GOP Official Unleashes Attack On “Fagg*t” Americans Via House Floor

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Although the United States and world continue to march forward, in an age when Donald Trump could rise to power few are truly safe. This past week, a West Virginia Republican state lawmaker compared LGBT people to the Ku Klux Klan, further digging out the rhetorical hole he put himself in via previously freely using the slur “faggot” as part of an angry diatribe in support of a provision that would have legalized discrimination against LGBT people, even in West Virginia cities that had expressly forbidden it.

Delegate Eric Porterfield ranted to a reporter on Friday:

‘The LGBTQ is a modern day version of the Ku Klux Klan, without wearing hoods with their antics of hate.’

He’d been discussing a story about his earlier comments in support of discrimination against LGBT people, which is not expressly forbidden in areas like housing and employment under West Virginia state law.

He’d asserted:

‘The LGBT is the most socialist group in this country. They do not protect gays. There are many gays they persecute if they do not line up with their social ideology.’

In other words, in this bumbling maniac’s fantasy world, “the LGBT” is some kind of militia group separate from the people who by virtue of their identities and the community’s name, you’d imagine were themselves “LGBT” — or something. It’s not as though Porterfield seems particularly fond of respecting gay people to begin with.

The state Republican Party has been mostly quiet on the controversy Porterfield has stirred up. House Speaker Roger Hanshaw said Friday that he’d have to talk to Porterfield before commenting extensively on what had transpired, while state Republican Party Chairwoman Melody Potter did not respond to an interview request from the Charleston Gazette-Mail.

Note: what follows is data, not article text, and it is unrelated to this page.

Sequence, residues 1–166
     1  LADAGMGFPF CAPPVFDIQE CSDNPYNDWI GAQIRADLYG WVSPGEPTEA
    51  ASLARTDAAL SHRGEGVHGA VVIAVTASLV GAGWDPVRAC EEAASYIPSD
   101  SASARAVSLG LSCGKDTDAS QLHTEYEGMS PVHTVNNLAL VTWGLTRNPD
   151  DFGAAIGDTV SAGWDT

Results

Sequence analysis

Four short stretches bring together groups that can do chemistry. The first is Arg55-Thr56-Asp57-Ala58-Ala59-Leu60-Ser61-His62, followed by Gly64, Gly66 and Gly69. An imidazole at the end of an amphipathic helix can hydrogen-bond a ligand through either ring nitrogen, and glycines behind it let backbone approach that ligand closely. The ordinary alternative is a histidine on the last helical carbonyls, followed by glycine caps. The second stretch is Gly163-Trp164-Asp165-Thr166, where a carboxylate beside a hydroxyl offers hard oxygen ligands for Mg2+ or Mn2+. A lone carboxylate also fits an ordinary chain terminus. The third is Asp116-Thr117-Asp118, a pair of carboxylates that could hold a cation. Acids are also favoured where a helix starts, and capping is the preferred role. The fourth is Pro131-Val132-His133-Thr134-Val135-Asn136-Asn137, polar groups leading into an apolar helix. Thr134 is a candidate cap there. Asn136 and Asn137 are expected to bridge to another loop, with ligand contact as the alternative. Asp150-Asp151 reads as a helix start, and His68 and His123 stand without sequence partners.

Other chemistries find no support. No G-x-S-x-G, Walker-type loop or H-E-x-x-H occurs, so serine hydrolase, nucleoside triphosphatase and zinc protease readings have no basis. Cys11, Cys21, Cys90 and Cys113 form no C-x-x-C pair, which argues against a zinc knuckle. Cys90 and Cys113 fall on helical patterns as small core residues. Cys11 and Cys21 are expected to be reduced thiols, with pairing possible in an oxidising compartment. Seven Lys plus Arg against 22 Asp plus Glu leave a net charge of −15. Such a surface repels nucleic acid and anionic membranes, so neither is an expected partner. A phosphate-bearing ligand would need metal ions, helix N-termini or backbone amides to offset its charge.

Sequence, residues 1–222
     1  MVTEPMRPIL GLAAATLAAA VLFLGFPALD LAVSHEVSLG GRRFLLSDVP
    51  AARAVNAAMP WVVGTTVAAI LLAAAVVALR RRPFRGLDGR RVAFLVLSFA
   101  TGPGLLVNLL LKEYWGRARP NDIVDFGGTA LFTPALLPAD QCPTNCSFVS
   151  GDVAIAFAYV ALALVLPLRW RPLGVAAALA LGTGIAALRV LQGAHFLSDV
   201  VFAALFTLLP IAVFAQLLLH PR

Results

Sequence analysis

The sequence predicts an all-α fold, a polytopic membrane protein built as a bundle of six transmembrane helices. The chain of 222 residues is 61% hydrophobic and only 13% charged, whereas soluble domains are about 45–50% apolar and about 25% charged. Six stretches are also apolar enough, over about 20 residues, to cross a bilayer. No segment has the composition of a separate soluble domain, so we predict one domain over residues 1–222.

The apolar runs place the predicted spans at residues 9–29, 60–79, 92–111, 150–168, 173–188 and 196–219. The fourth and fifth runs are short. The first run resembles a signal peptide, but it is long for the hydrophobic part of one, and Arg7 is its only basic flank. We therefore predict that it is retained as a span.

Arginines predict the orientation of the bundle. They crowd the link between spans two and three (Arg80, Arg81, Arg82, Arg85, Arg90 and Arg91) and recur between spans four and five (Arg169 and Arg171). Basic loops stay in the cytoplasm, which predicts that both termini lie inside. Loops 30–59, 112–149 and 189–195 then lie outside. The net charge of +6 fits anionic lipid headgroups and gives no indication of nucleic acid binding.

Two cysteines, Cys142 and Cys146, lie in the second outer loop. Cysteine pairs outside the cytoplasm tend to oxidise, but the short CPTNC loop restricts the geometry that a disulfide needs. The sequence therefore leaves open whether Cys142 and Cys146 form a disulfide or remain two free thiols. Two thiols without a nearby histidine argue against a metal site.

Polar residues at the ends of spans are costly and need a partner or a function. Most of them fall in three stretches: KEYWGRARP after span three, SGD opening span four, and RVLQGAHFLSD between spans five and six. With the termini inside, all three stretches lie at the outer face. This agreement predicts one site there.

For what it’s worth, at least a couple of West Virginia’s rank-and-file Republican state legislators condemned Porterfield’s behavior. Daniel Linville, for instance, asserted:

‘He’s wrong, very wrong. There’s just no excuse for some of the things that he said.’

John Mandt, meanwhile, offered a take that had at least as much to do with the effect of his comments on the state Republican Party’s standing as it had to do with the actual targets of Porterfield’s belligerence, asserting:

‘When we talk, and when we say things, we need to represent our caucus, instead of putting us, our caucus, out on a limb. He is a great guy, I just would prefer that we don’t put people down if they do something that you don’t personally believe in.’

Unsurprisingly, the state Democratic Party was much more forthcoming in their criticism of Porterfield.

State Democratic Party Chairwoman Belinda Biafore called for him to resign, asserting:

‘West Virginia has no room for someone who expresses such hate, let alone room for him to hold a public office where he is supposed to represent the people of West Virginia. His hate-filled remarks and actions speak volumes, and so does the Republican Party’s silence.’

You’d hope that at least somewhere along the chain of command inside the GOP, there’d be significant pushback against Porterfield — but that’s not exactly a looming possibility.

President Donald Trump himself has gone so far as to seek to ban transgender people from serving in the military on the basis of false assertions about the cost of providing them with relevant medical services.

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